News

Columbia Computer Consultant Indicted for Attempting to Evade Taxes and Failing to File Income Tax Returns


Allegedly Failed to File Federal Tax Returns For Five Years
While Earning at Least $675,923 in Income

FOR IMMEDIATE RELEASE
May 8, 2008

Baltimore, Maryland - A grand jury has indicted Anthony Edwin Dorsey, Sr., of Columbia, Maryland, for attempting to evade paying income taxes and failing to file income tax returns, announced United States Attorney for the District of Maryland Rod J. Rosenstein. The indictment was returned on April 9, 2008 and his initial appearance and arraignment are scheduled for tomorrow, May 9, 2008 at 10:00 a. m.

According to the 10 count indictment, Dorsey has operated an information technology consulting business known as Allnet System Resources since at least 1999. As an independent contractor, Dorsey was responsible for paying federal and state income, payroll and Medicare taxes on the payments he received for his computer consulting services. From 2001 to 2005 Dorsey was allegedly paid at least $675,923. He did not file federal tax returns or pay taxes on this income.

The indictment alleges that from 1999 to the present, Dorsey attempted to evade his tax liability by: promptly converting $380,000 he was paid to cash and then using the cash for personal expenses; transferring $88,975 from his bank accounts to an offshore credit card account and then using that credit card for his personal expenses; providing an inaccurate social security number to the bank where he maintained his principal bank accounts to make it more difficult to identify his ownership of the funds and track the movement of funds from these accounts; making mortgage payments on his residence under the name of the previous owner, so that the previous owner was reflected on county property and tax records as the owner; and using false social security numbers when purchasing an interest in time share properties in Las Vegas, Nevada and Williamsburg, Virginia in December 2002 and July 2003.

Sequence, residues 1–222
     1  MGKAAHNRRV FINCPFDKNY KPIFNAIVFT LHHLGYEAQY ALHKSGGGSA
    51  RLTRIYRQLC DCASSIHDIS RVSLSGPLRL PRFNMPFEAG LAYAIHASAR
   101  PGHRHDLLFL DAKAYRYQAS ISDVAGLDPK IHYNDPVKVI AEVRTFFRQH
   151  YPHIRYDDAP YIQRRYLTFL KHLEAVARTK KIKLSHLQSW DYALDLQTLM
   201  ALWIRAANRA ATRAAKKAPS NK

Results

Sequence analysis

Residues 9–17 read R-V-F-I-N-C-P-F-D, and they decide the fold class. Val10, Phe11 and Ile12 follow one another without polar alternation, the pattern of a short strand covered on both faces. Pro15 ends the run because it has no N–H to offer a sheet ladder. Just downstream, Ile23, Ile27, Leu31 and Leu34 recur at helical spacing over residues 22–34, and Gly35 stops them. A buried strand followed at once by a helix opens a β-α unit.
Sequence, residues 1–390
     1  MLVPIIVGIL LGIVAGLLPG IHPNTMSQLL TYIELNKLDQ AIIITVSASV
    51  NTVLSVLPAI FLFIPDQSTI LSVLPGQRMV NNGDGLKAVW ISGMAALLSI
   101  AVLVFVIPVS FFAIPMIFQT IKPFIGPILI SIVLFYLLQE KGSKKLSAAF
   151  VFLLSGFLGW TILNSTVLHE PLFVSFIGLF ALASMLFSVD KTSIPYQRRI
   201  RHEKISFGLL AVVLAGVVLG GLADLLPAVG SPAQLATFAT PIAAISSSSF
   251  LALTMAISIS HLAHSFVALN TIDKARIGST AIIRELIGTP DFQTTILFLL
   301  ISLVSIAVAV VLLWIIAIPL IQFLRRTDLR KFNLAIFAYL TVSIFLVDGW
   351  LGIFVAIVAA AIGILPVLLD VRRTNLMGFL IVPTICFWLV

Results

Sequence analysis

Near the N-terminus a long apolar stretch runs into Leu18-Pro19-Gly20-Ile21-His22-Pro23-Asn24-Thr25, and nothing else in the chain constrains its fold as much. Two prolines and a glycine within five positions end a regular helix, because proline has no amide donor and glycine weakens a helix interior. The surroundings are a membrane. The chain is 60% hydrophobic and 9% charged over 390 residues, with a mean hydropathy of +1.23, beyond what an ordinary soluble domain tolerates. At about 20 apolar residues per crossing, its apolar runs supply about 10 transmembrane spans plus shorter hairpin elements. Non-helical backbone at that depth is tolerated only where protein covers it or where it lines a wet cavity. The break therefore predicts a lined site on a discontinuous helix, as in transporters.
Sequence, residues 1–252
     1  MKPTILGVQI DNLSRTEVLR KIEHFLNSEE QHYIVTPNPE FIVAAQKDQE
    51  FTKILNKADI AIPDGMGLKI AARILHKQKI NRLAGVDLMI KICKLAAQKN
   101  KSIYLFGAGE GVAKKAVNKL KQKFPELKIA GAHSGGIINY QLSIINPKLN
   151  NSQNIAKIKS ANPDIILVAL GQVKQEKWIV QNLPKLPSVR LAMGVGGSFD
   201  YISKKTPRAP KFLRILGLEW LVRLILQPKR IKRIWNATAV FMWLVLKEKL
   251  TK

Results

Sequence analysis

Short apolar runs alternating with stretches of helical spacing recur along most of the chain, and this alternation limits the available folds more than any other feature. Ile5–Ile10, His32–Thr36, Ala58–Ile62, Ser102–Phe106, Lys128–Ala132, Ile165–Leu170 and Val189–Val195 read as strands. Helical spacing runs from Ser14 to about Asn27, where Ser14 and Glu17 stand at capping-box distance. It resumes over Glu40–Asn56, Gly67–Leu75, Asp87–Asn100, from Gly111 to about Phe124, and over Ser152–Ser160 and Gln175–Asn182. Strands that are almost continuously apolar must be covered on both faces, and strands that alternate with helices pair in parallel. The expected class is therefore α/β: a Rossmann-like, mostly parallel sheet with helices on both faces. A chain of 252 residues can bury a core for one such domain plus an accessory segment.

Dorsey faces a maximum sentence of five years in prison and a fine of $ 250,000 on each of the five counts for attempting to evade income taxes; and one year in prison and a fine of $100,000 on each of the five counts for failing to file tax returns.

An indictment is not a finding of guilt. An individual charged by indictment is presumed innocent unless and until proven guilty at some later criminal proceedings.

United States Attorney Rod J. Rosenstein thanked the Internal Revenue Service - Criminal Investigation for its investigative work. Mr. Rosenstein commended Assistant United States Attorney Jefferson M. Gray, who is prosecuting the case.

 

 

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